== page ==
Games for Health

Health science has been embracing gaming as a meaningful way to communicate, educate, and as a mechanism to deliver treatment [1,2]. There has been a growing interest in both serious games for health and gamified health interventions [3], especially those concerning the treatment, rehabilitation, and management of chronic disease patients [4], as these games for health have shown potential for positive impact on health-behavior change.

Some research on the effectiveness of serious gaming for health promotion revealed an overall increase in healthy lifestyle adoption across several health domains [2] and that gameplay may induce a positive emotional experience and help facilitate satisfaction and self-esteem [4]. Effect sizes found on behavior after playing a serious game were small and comparable to the effect sizes of other computer-delivered interventions. Such effects of serious games for health were highest on knowledge outcomes, while smaller than expected on self-efficacy outcomes. Overall, the effectiveness of a health game was found to improve when game development had a theoretical foundation in behavioral prediction and game theories [5].

In order to create a full picture of the effectiveness of games for health, broader intervention characteristics should perhaps be evaluated, such as user experience and perceived relevance [6]. Some of the research into the effectiveness of games for health investigates the process during gameplay [7,8] while other research focuses on process after gameplay [5,9]. I would argue that the perceived appeal of any game for health belongs in this list of “broader intervention characteristics” and that measurements should also be made BEFORE gameplay.

excerpt of my paper The Effect of a Health Game Prompt on Self-efficacy: Online Between-Subjects Experimental Survey – freely available here


  1. Sharifzadeh N, Kharrazi H, Nazari E, Tabesh H, Edalati Khodabandeh M, Heidari S, et al. Health Education Serious Games Targeting Health Care Providers, Patients, and Public Health Users: Scoping Review. JMIR Serious Games 2020 Mar 05;8(1):e13459 [FREE Full text] [CrossRef] [Medline]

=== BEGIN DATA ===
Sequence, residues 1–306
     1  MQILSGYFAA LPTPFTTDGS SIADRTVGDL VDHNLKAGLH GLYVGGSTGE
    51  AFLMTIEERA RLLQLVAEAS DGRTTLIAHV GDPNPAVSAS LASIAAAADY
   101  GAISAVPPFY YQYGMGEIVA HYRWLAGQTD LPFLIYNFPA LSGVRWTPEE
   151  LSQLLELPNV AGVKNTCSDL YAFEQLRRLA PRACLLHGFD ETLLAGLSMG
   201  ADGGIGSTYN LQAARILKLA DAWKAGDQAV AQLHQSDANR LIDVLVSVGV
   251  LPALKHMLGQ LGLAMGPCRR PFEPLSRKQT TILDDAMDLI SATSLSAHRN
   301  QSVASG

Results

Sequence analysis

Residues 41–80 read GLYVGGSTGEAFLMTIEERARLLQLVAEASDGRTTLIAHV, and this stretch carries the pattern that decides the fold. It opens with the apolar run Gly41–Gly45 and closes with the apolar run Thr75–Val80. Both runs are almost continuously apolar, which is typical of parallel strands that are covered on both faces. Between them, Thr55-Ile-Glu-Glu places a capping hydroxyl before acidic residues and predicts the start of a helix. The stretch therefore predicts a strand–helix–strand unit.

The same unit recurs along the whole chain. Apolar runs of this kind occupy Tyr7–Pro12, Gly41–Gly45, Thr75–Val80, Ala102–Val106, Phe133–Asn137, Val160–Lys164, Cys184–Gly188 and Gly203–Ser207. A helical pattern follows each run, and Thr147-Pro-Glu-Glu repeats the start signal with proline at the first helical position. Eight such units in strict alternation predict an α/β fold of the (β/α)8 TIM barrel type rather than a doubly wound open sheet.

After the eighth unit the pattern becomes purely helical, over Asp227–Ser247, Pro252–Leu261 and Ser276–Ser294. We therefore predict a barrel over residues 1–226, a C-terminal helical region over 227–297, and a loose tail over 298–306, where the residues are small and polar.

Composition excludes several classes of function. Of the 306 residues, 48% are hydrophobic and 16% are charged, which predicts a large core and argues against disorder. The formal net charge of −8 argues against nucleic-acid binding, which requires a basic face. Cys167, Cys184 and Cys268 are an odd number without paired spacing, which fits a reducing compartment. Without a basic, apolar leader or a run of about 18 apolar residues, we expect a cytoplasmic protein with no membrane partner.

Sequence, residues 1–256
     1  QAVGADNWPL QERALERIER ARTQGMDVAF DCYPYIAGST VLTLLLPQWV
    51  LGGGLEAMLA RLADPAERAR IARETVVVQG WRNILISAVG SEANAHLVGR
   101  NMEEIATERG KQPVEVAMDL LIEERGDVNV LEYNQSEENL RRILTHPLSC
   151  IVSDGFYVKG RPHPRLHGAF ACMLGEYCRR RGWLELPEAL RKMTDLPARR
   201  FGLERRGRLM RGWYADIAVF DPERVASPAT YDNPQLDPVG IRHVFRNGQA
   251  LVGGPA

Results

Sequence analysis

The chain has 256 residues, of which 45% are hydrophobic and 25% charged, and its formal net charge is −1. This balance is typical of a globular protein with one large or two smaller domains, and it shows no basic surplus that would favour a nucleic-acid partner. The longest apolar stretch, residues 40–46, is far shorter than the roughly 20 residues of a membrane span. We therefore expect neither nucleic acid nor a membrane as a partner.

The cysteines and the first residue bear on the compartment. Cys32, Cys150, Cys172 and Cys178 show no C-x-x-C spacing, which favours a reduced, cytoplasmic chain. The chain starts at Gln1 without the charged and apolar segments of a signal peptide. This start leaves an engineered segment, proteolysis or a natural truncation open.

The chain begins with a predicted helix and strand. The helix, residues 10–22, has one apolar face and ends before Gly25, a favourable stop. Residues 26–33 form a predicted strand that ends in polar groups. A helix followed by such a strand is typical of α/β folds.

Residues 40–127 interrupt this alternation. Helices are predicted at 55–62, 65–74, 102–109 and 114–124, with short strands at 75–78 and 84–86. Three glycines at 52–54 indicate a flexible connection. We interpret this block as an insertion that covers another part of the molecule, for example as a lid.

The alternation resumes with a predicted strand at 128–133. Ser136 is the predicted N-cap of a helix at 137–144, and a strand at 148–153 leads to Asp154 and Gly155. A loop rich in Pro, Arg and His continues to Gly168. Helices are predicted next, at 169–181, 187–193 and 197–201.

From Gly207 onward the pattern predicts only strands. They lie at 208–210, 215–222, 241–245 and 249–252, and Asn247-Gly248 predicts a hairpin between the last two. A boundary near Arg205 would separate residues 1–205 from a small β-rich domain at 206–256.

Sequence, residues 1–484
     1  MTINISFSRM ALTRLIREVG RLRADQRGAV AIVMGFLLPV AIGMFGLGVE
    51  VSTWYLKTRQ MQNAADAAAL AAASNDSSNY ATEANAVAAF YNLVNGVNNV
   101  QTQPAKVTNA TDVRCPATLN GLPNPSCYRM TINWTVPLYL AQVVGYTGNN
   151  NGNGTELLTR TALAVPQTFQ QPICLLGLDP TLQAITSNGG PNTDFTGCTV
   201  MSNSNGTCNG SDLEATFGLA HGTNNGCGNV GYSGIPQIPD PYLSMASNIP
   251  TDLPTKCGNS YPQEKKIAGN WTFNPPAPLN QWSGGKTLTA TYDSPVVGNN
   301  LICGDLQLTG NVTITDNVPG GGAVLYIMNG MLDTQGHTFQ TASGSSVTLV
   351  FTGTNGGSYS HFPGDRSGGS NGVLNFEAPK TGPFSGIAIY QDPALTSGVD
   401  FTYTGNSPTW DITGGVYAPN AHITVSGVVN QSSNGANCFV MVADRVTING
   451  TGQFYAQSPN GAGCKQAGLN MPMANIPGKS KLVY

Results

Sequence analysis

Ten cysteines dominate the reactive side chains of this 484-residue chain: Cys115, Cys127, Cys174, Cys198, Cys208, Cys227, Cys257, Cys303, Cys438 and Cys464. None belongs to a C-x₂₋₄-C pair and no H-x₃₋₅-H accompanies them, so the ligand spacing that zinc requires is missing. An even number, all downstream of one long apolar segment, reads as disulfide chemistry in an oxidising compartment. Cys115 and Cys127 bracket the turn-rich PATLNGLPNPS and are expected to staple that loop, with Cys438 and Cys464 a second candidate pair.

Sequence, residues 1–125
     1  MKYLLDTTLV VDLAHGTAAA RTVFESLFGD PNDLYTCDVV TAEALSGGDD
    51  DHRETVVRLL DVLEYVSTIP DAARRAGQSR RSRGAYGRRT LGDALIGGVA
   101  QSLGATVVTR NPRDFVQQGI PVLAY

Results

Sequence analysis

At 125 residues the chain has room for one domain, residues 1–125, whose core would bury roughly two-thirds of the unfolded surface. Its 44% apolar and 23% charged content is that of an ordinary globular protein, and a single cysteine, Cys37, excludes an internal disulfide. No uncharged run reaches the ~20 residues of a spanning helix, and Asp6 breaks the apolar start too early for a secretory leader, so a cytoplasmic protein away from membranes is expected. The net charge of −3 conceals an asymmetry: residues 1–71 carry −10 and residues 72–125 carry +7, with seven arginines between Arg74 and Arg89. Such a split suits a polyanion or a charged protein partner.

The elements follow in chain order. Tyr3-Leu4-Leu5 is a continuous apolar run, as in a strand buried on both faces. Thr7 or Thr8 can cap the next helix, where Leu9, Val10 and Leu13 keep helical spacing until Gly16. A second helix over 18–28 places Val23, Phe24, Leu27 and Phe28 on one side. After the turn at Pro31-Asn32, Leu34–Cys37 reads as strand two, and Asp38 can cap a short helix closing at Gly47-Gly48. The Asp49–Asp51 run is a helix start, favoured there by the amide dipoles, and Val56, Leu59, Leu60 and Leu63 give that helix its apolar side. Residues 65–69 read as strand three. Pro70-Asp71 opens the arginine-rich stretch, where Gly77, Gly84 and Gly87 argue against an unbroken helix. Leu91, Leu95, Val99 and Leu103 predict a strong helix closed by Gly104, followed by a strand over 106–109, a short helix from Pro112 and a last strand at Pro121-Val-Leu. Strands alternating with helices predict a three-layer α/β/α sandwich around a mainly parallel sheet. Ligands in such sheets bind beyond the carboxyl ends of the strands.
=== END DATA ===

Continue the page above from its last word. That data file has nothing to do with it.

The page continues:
2. Kato PM. Video Games in Health Care: Closing the Gap. Review of General Psychology 2010 Jun;14(2):113-121. [CrossRef]

3. Johnson D, Deterding S, Kuhn K, Staneva A, Stoyanov S, Hides L. Gamification for health and wellbeing: A systematic review of the literature. Internet Interv 2016 Nov;6:89-106 [FREE Full text] [CrossRef] [Medline]

4. Sardi L, Idri A, Fernández-Alemán JL. A systematic review of gamification in e-Health. J Biomed Inform 2017 Dec;71:31-48 [FREE Full text] [CrossRef] [Medline]

5. DeSmet A, Van Ryckeghem D, Compernolle S, Baranowski T, Thompson D, Crombez G, et al. A meta-analysis of serious digital games for healthy lifestyle promotion. Prev Med 2014 Dec;69:95-107 [FREE Full text] [CrossRef] [Medline]

6. Verschueren S, Buffel C, Vander Stichele G. Developing Theory-Driven, Evidence-Based Serious Games for Health: Framework Based on Research Community Insights. JMIR Serious Games 2019 May 02;7(2):e11565 [FREE Full text] [CrossRef] [Medline]

7. Brockmyer JH, Fox CM, Curtiss KA, McBroom E, Burkhart KM, Pidruzny JN. The development of the Game Engagement Questionnaire: A measure of engagement in video game-playing. Journal of Experimental Social Psychology 2009 Jul;45(4):624-634. [CrossRef]

8. Burgers C, Eden A, van Engelenburg MD, Buningh S. How feedback boosts motivation and play in a brain-training game. Computers in Human Behavior 2015 Jul;48:94-103. [CrossRef]

9. Garcia Pañella O. Game design and e-health: serious games put to the test. In: Advancing Cancer Education and Healthy Living in Our Communities (Putting Visions and Innovations into Action: Selected Papers from the St. Jude Cure4Kids® Global Summit 2011). Amsterdam, The Netherlands: IOS Press; 2012.

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